Commentary

Watchdogs To FCC: Don't Water Down Privacy Proposal

The Federal Communications Commission should forge ahead with privacy rules that would restrict broadband carriers from engaging in online behavioral advertising, dozens of public interest groups argue in a new filing with the agency.

The ACLU, Public Knowledge, Center for Digital Democracy, Electronic Frontier Foundation and 33 other advocacy groups are urging the FCC to reject attempts by Internet service providers to weaken the original proposal, unveiled earlier this year by Chairman Tom Wheeler. He called for carriers to obtain broadband customers' opt-in consent before using information about their Web-surfing history for ad targeting purposes.

Broadband providers wasted no time formulating objections to the potential regulations. Among other arguments, carriers say they shouldn't be required to get opt-in consent before drawing on supposedly "non-sensitive" information.

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But the ACLU and other groups point out that different rules for sensitive data may not when it comes to broadband providers.

"It is difficult, maybe impossible, for carriers to distinguish between sensitive and non-sensitive without actually looking at and assessing a customer’s information to make that distinction -- and it would be administratively difficult for the FCC to oversee any such distinction," the groups write. "The difficulty in distinguishing between sensitive and non-sensitive information is exacerbated by the fact that the sensitivity of information depends on context."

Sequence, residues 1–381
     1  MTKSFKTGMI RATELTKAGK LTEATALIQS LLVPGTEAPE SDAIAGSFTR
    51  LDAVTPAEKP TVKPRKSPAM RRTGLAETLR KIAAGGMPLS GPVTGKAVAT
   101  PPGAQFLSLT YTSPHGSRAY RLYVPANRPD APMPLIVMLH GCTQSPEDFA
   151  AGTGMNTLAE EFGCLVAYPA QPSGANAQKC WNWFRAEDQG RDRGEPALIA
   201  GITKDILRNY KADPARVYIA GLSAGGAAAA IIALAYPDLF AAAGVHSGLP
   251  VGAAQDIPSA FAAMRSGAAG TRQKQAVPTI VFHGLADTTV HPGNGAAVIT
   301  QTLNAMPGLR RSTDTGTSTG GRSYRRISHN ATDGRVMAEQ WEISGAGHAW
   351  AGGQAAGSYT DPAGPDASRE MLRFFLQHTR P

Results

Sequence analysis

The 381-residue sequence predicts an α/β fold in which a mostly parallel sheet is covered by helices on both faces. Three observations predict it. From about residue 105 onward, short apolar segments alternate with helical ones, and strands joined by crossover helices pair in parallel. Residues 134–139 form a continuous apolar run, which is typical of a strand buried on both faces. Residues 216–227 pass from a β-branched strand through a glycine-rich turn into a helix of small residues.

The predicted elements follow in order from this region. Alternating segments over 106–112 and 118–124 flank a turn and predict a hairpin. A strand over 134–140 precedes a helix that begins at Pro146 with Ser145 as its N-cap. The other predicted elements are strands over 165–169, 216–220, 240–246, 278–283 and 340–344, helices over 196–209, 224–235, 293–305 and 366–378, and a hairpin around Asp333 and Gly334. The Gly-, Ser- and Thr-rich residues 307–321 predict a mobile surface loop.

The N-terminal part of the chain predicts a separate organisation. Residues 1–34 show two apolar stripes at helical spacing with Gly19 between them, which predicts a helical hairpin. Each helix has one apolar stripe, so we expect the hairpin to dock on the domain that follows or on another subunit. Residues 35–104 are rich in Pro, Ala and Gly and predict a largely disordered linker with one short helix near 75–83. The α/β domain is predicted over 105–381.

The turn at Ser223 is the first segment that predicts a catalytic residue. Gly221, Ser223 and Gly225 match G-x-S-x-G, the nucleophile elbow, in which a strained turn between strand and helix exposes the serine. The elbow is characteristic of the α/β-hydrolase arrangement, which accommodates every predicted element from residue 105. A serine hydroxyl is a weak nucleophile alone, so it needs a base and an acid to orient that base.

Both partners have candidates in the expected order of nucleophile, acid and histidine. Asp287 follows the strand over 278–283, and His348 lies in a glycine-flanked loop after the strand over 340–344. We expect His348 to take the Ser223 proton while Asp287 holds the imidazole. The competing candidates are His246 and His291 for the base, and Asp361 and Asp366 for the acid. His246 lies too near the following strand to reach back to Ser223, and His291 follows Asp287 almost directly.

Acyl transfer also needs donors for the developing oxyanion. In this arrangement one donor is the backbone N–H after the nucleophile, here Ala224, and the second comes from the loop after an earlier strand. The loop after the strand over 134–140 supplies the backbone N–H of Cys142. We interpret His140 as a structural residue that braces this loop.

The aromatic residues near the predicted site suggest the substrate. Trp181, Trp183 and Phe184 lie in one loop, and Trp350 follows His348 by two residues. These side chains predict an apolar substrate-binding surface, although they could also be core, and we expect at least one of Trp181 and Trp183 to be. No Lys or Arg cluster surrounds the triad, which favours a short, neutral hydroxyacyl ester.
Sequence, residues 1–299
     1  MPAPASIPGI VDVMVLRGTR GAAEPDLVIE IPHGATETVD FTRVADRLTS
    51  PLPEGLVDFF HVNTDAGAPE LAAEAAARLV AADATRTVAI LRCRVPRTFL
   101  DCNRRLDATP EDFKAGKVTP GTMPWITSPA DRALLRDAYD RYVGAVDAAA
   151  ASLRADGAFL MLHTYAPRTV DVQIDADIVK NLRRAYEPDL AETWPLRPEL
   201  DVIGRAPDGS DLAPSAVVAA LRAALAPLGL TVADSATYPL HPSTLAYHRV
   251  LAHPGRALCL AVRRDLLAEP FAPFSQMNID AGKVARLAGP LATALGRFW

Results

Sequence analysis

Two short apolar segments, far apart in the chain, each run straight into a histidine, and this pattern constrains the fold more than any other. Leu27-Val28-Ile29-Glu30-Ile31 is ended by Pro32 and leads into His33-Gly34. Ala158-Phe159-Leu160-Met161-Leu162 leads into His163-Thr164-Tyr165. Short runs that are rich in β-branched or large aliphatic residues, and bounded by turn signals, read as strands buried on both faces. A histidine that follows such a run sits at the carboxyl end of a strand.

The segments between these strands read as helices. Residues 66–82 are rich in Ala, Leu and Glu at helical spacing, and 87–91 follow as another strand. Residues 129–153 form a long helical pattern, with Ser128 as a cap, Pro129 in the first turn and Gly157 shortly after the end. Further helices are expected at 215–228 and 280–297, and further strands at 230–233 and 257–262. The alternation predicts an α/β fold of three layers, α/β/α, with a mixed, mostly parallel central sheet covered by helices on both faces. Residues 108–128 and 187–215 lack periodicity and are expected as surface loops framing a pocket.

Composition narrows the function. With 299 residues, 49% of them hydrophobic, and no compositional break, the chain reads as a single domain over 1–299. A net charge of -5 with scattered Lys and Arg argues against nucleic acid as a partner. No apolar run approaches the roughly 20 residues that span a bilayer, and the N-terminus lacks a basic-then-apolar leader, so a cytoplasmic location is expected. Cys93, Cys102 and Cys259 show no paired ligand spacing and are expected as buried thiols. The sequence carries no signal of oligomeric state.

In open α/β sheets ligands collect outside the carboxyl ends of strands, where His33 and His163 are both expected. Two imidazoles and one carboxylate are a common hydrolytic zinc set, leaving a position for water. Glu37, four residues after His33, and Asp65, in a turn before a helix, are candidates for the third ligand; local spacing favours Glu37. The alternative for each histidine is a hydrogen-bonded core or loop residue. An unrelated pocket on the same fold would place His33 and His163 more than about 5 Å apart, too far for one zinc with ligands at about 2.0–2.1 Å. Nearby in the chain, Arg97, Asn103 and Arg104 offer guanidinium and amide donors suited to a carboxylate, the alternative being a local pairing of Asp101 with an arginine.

Even the ad industry can't agree on the definition of "sensitive" -- a significant problem with the broadband providers' argument. Privacy expert Paul Ohm, a former policy adviser to the FTC, flagged this issue earlier this year in an FCC filing.

He pointed out that the self-regulatory groups Network Advertising Initiative and Digital Advertising Alliance define "sensitive" health information differently. The DAA considers "pharmaceutical prescriptions or medical records related to a specific individual" sensitive health data. But the NAI takes a more expansive view; that group defines sensitive health information as “precise information about past, present, or potential future health or medical conditions or treatments, including genetic, genomic, and family medical history."

Ohm added in FCC comments that Facebook and Google also have their own definitions of sensitive information for online ad purposes.

"Advertisers can definitely target ads to people suffering from a particular disability on DAA platforms, definitely not on Facebook, and probably not on Google or NAI," Ohm wrote. "Genomic information is only expressly prohibited within the NAI definition, arguably within Google’s, and likely not Facebook’s or DAA’s."

The ACLU and other watchdogs also point out that the FCC isn't proposing a ban on ad targeting. Instead, the proposed rules would only require carriers to get consumers' permission.

"There is no demonstrated need for the FCC to water down privacy protections afforded to information some parties consider to be less sensitive," the groups write. "If the benefits to consumers are as good as ISPs have claimed, consumers will consent to allowing their ISPs access even to sensitive information."

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